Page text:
He City of Luton promoted to the first division of English football (Premier League) after beating the Coventry on penalties (6-5 after 1-1), this Saturday in the final of the ‘playoffs’ for the promotion of Championship (2nd division), in Wembley in front of 85,000 spectators.
This climb marks the culmination of the tale of this club from the London region, which ten years ago was barely in the fifth division. Luton left the first tier 31 years ago and now they are facing the renovation of their old stadium, with a capacity of 10,000 spectatorsto be able to receive the greats of the country.
“It’s been a good ride. We’ll be partying all summer,” said midfielder Pelly Ruddock Mpanzu, who experienced Luton’s four promotions from the fifth tier of English football to its elite.
This Saturday’s promotion match had a moment of concern, when Luton captain Tom Lockyer collapsed on the grass early in the duel. The Welsh defender was taken off the pitch and taken to hospital, where according to the club he was conscious and had already been able to speak to his family.
Luton are the last promoted club in the Premier League. They had achieved it earlier, automatically finishing in the top two of the league, Burnley and Sheffield United.
Luton Town and the story of a film
In a city renowned for the production of hats and cars (the main factory of the Vauxhall firm has been there for almost a century), Luton Town was born on 11 April 1885were one of the founders of the Southern League in 1894 and spent their first 70-year history in the promotion ranks of English football until they reached the top division in 1955.
Five seasons in that first cycle and another campaign in the mid-1970s preceded the third, last and brightest cycle in the elite, which lasted from 1982 to 1992. In that decade they not only achieved an outstanding sixth place in 1987, but were also League Cup champions in 1988 (beat Arsenal 3-2 in the final at Wembley) and runners-up in 1989 (lost 3-1 to Nottingham Forest).
A 2–1 defeat away to Notts County on 2 May 1992 on the last date of the final season before the birth of the Premier League doomed club’s relegation to the Second Division. hatters (hatters) and also the beginning of a gloomy period which included ownership changes, a bankruptcy in 2007, financial irregularities resulting in a 30-point discount in 2008 and a 2009 fall to the fifth division. Thus they were barred from the Football League, England’s professional football scheme, after 89 years.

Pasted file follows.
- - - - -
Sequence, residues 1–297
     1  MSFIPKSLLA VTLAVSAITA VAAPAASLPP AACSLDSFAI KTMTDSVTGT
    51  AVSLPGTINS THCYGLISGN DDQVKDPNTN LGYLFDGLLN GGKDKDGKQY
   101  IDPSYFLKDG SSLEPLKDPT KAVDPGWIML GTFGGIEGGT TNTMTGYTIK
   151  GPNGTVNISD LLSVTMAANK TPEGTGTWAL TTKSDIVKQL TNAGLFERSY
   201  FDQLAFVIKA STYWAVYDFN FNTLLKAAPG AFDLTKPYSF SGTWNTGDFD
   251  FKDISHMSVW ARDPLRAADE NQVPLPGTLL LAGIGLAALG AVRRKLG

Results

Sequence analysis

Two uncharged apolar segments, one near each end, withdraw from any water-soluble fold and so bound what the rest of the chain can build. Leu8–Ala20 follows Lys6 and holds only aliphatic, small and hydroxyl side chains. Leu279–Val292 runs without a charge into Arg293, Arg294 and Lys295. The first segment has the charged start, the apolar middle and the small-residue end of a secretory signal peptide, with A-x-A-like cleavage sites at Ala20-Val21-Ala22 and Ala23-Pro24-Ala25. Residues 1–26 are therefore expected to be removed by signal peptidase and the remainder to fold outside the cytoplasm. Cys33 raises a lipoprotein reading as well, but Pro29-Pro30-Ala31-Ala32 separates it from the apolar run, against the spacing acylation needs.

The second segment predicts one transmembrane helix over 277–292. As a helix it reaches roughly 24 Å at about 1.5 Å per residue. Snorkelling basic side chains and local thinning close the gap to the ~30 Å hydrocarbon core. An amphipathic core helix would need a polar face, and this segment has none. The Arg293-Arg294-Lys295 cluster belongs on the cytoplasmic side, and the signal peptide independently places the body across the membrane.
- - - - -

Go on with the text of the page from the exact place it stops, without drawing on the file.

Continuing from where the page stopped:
Luton had to suffer five seasons in the then Conference League (now the National League) before starting to climb back on top: they were fifth division champions in 2014; promoted from League Two in 2018, after finishing runners-up in the tournament won by Accrington Stanley; and captured the League One title in 2019. This Saturday he made the last leap in this meteoric climb to the Premier Leaguethe contest he helped found, but was never able to enter.
To achieve this instance, he had to become strong in a long and demanding contest (46 dates), in which, moreover, he underwent a midway change of coach: the Welsh Nathan Jonesthe DT who had guided him to promotion to League Two in 2018, left for Southampton and was replaced by his compatriot Rob Edwardswho had been League Two champions with Forest Green Rovers in the 2021/22 season and started the 2022/23 season at Watford, but was sacked after just 10 games.
In November last year, Edwards took the helm at Luton in the orange jacket in ninth. In six months he took them to the third step of the table, with an unbeaten record in 13 matches in the final tournament, and to the final for a third promotion. In this the attacker’s contribution was fundamental Carlton Morrisauthor of 20 goals in 45 games.
The solid pace of this team and the concrete possibility of being promoted have made many eyes fall on this club. And not just its players or coaching staff, but also Kenilworth Road, its picturesque stadium with a capacity of only 10,265 spectators and which maintains the aesthetics of the old British coliseums that were falling into disuseespecially after the Hillsborough and Valley Parade tragedies in the 1980s.
Kenilworth Road It has been located since 1905 in the Bury Park district, a residential area located 1.6 kilometers from the city centre. Despite reaching a record attendance of 30,069 in 1959 (in a match against Blackpool for the FA Cup), its capacity has shrunk to a third over the years. Its stadium will be the smallest in the Premier League. Currently that condition belongs to the Vitality Stadium, Bournemouth’s building, which has 11,307 seats.
Although Luton plans to build a new stadium with a capacity of 23,000, the project, which was approved in January 2019, has not yet gone further as work has not yet started. Because of this, you will need to continue to use Kenilworth Road, although you will first need to do some work to adapt it to Premier League requirements.
“It could be a bigger task than building a new stadium”recognized Gary Dolce, the club’s chief executive, in an interview with the BBC last month. The manager explained that the club should have done this “rebuilding a grandstand in less than three months” and estimated that this would require an investment of between eight and ten million pounds.
Promotion to the Premier League is also consecrated Pelly Ruddock Mpanzu. The midfielder, who comes from a Congolese family and was born 29 years ago in London, joined Luton from West Ham United in 2013. He played 367 games with this Saturday and has been in the four promotions of the last decade. After the shoot-out against Coventry, he became the first player to move from the fifth to the first tier of English football with the same club.
Jason Root is the go-to source for sports coverage at News Rebeat. With a passion for athletics and an in-depth knowledge of the latest sports trends, Jason provides comprehensive and engaging analysis of the world of sports.